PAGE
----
Housatonic Cable Vision v. Dept. of Public Utility Control, H-85-502 (MJB) Civil.

CourtUnited States District Courts. 2nd Circuit. United States District Court (Connecticut)
Writing for the CourtBLUMENFELD, Senior
Citation622 F. Supp. 798
Docket NumberNo. H-85-502 (MJB) Civil.,H-85-502 (MJB) Civil.
Decision Date22 November 1985


William M. Rubenstein, Howard L. Slater, Thomas A. Rouse, Byrne, Slater, Sandler, Shulman & Rouse, Hartford, Conn., for plaintiff.

Barry S. Zitser and Valerie J. Bryan, Div. of Consumer Counsel, New Britain, Conn., Joseph I. Lieberman, Atty. Gen., and Clarine N. Riddle, Ass't. Atty. Gen., Hartford, Conn., for defendants.


BLUMENFELD, Senior District Judge.

This motion for a preliminary injunction, which has been consolidated with a consideration of the merits of the case, raises an issue concerning the interpretation of a recently-enacted statute, the Cable Communications Policy Act of 1984 (the "Cable Act"). Plaintiff Housatonic Cable Vision Company ("HCV") seeks to enjoin the Department of Public Utility Control and the Attorney General of Connecticut from enforcing a state regulation and two orders entered against HCV pursuant to that regulation, and from proceeding with administrative hearings concerning the regulation and orders. Plaintiff has also requested declaratory relief in the form of a declaration by this court that the regulation and orders are preempted by the Cable Act and are no longer of any force and effect.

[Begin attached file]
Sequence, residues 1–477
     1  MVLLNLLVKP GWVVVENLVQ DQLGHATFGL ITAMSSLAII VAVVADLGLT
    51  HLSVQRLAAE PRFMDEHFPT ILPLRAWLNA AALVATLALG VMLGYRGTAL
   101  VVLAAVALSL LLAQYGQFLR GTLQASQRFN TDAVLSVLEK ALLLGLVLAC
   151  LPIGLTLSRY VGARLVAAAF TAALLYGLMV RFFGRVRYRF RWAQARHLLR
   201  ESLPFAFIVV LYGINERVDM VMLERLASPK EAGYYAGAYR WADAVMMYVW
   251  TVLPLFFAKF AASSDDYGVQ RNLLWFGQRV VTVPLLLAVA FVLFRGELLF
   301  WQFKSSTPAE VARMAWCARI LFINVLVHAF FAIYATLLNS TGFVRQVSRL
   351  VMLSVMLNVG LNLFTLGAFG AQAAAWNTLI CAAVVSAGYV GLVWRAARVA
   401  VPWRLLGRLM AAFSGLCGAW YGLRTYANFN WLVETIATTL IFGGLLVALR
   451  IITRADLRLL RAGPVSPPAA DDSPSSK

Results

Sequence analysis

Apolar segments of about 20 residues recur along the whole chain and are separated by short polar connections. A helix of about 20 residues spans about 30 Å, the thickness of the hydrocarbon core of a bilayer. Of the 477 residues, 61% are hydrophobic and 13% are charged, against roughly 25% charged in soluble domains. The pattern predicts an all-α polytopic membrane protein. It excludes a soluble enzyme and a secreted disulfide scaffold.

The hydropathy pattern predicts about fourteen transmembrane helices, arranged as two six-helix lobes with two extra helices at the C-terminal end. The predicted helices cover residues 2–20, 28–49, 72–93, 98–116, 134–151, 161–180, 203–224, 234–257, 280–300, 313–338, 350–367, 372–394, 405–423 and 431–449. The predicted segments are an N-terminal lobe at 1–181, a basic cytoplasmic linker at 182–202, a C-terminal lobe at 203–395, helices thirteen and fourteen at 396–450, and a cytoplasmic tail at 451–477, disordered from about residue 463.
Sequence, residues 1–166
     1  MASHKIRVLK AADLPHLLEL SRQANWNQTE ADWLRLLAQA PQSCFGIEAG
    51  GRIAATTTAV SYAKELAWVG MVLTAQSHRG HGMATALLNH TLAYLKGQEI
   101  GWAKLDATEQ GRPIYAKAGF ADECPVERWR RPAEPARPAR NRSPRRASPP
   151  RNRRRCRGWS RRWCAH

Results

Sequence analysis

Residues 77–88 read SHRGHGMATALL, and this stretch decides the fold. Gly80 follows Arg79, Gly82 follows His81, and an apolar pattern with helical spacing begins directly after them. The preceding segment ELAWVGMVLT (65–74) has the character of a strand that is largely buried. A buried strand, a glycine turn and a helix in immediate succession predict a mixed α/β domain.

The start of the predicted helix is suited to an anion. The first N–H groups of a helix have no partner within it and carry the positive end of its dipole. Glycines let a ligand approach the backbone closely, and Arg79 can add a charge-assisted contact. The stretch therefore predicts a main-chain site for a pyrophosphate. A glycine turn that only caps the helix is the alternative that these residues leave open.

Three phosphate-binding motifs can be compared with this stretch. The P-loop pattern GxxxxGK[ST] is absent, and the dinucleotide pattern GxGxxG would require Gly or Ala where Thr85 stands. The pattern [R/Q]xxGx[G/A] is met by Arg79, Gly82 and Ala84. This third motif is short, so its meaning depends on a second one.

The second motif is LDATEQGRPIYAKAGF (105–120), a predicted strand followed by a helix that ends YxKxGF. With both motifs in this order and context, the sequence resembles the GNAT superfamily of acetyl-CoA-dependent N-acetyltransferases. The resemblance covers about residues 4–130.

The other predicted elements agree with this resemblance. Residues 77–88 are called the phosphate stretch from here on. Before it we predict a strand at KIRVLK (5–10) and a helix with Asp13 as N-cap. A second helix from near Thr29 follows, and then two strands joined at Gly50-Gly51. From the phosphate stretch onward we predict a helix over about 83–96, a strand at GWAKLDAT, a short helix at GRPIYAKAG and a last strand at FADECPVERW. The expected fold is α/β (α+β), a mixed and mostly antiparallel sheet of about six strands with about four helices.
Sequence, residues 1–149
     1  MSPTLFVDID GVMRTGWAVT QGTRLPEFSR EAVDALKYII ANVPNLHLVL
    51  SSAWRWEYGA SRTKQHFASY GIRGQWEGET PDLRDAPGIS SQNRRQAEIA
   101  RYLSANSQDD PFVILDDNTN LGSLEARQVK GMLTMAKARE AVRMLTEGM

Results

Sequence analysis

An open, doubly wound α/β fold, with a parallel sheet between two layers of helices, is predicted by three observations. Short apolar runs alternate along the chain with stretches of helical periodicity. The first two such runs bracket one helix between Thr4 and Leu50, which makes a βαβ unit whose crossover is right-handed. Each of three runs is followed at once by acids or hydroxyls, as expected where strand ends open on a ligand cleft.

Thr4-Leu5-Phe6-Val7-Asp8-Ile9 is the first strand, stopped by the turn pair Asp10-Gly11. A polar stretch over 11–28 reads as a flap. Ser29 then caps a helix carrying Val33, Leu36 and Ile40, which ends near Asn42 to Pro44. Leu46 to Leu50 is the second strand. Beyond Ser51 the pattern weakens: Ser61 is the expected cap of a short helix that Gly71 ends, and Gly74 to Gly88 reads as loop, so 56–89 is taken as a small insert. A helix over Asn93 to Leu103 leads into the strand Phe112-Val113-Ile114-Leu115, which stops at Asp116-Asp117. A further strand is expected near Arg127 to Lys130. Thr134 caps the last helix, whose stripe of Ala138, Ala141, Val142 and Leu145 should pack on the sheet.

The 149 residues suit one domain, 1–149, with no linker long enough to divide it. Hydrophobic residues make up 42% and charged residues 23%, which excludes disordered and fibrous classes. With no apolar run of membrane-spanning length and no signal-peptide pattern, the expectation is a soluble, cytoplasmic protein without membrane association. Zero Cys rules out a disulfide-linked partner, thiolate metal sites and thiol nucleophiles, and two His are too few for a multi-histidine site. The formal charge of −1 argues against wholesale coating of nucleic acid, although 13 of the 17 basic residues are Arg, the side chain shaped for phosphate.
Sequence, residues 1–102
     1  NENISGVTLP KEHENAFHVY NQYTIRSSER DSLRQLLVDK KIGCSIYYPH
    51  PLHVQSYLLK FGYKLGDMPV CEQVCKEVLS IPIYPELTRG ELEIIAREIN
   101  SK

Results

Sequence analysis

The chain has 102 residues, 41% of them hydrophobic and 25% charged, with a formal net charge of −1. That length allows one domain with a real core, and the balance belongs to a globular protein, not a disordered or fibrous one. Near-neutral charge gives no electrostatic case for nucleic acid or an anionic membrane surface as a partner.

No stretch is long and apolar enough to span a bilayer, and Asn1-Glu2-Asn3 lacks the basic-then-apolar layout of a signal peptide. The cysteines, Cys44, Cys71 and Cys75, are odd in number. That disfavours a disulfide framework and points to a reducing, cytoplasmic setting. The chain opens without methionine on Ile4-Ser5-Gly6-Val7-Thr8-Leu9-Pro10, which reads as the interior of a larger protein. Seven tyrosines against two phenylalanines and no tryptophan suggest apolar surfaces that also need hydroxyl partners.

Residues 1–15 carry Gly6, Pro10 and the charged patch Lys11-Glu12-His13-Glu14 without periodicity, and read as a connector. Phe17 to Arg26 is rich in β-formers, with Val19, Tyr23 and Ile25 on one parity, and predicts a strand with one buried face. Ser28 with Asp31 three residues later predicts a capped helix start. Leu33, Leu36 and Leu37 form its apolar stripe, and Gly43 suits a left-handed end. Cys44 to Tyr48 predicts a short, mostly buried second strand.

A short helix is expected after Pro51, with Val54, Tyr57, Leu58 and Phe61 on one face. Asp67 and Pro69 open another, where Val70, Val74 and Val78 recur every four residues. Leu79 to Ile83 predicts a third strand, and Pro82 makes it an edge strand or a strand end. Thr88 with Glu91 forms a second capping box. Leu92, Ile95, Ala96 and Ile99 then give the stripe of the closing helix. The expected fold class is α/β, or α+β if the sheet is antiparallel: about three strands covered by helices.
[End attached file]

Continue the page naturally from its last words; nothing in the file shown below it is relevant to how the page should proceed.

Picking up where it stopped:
Defendants have moved to have the action dismissed for failure to exhaust state administrative and judicial remedies, or on abstention grounds.


The State of Connecticut historically has regulated cable television systems on a state-wide basis in the same manner as public utilities through the Department of Public Utility Control ("DPUC").1 Conn. Gen.Stat. §§ 16-1 et seq. In order to construct or operate a cable television system, a cable operator was required to obtain a certificate of public convenience and necessity from the DPUC. Conn.Gen.Stat. § 16-331. Such a certificate, issued after a public hearing, authorized the holder to operate its service within a specified territory for a 15-year period. Because only one certificate was issued for each area, a cable operator holding a certificate enjoyed a monopoly within its territory. The DPUC had statutory authority to regulate cable operators on an ongoing basis by "specifying in the certificate at the time of issue and from time to time thereafter such terms and conditions as the public interest may require" and also "for due cause shown, ... to amend, suspend or revoke any such certificate." Conn.Gen.Stat. § 16-331(a). Over the years, the DPUC exercised its regulatory authority to establish and occasionally to alter line extension requirements for cable operators.

HCV holds the franchise to provide cable television service to Area 8, which includes the towns of Brookfield, New Fairfield, Monroe, Newton, Sherman, and Trumbull. HCV applied for this franchise in 1975. The company asserts that it emphasized in its original application and in the memorandum that it filed in support of that application that it did not intend to provide service to the entire franchise area. Rather, it proposed to provide access to cable service to 62% of potential subscribers within the first three years of service and indicated that thereafter market forces would dictate the schedule of construction, with further line extensions depending on the acceptance of the service in the previously-wired areas and the existence of firm orders in unwired areas.